The Common Good

Thanksgiving and American Exceptionalism

Date: November 24, 2010

 A columnist for the Evangelical Left Sojourners group was also disturbed by the survey. "As a Christian, I tend to believe that God has a 'special role' for every person and every nation," noted Evan Trowbridge, a Sojournerscommunications staffer. "Too often, however, we confuse 'special' with 'exceptional.' If we agree that God has granted the United States a special role in history, then shouldn't we also agree that God has granted Thailand and Kenya a special role? Unfortunately, I don't think that's what most of the respondents in the study had in mind…"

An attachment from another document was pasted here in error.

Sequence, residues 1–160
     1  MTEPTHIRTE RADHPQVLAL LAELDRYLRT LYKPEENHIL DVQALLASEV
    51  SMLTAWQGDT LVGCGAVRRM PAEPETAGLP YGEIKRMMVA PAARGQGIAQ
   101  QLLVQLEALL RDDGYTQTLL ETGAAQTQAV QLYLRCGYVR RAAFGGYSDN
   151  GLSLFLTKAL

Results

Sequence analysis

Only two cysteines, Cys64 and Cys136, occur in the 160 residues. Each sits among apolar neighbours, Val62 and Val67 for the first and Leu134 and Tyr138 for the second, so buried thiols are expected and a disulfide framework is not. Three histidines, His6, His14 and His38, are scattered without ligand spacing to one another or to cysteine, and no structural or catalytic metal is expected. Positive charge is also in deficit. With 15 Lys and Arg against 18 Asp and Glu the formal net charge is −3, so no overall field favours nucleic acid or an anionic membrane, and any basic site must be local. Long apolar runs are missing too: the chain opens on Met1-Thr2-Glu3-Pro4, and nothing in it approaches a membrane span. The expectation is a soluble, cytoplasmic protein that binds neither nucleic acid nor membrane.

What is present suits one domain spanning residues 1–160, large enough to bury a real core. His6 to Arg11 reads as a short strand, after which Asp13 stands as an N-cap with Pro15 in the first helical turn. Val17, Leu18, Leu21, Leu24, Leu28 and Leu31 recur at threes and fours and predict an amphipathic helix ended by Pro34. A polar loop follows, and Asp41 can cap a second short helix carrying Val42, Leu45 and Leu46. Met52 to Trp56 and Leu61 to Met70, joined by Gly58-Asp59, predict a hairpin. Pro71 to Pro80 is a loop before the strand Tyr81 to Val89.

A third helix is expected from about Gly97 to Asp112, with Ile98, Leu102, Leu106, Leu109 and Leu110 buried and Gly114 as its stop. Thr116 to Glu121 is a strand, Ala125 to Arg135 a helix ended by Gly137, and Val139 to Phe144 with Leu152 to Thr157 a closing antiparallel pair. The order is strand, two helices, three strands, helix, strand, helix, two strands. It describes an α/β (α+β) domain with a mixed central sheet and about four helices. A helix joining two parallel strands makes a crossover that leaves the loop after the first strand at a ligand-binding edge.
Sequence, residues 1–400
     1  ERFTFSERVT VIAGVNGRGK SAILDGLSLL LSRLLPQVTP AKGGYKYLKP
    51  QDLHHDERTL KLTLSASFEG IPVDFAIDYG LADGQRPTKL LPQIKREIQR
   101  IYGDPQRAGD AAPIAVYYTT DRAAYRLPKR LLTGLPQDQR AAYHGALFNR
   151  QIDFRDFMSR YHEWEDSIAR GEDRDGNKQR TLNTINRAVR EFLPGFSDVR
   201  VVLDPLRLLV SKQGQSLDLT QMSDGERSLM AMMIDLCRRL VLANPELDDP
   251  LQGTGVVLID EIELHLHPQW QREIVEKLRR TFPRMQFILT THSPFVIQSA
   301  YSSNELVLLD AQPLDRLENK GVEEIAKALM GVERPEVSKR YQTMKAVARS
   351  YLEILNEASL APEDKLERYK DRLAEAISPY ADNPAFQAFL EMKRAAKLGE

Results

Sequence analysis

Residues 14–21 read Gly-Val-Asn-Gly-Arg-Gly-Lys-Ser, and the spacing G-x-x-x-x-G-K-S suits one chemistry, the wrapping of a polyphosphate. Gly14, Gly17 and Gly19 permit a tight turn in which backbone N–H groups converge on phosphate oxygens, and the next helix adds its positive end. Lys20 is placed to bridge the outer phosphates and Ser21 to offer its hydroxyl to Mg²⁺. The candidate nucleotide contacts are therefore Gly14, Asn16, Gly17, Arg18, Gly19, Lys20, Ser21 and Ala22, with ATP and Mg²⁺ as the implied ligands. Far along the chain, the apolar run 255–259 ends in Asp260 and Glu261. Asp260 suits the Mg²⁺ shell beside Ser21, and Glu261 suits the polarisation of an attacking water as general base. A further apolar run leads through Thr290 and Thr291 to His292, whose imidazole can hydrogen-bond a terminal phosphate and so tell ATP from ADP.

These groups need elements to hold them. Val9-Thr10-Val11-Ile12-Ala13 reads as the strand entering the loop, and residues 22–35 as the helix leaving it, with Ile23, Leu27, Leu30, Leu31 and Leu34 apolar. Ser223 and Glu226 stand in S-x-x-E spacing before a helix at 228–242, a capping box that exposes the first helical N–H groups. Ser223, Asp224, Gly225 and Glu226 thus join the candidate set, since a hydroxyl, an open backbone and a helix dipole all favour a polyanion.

No, it almost certainly is not what most American exceptionalists have in mind. Even non-believers in American exceptionalism must grant that America's story has an outsized influence on the world that exceeds Thailand's and Kenya's. Many on the Left fret that American exceptionalism is synonymous with superiority, imperialism, and exploitation. But the original Calvinist theorists, from the first Thanksgiving onward, envisioned American civilization having special duties, not special privileges. Failure to comply with these duties risked divine wrath. Later, more generic versions of American exceptionalism, at least at its best, cited America's special role as exemplar of democracy and justice. American exceptionalists were never exclusively property owning, patriarchal, Anglo-Saxon Protestant white males. Social reformers of all races and both genders, especially religious ones, successfully cited exceptionalism to justify their appeals for a more just America.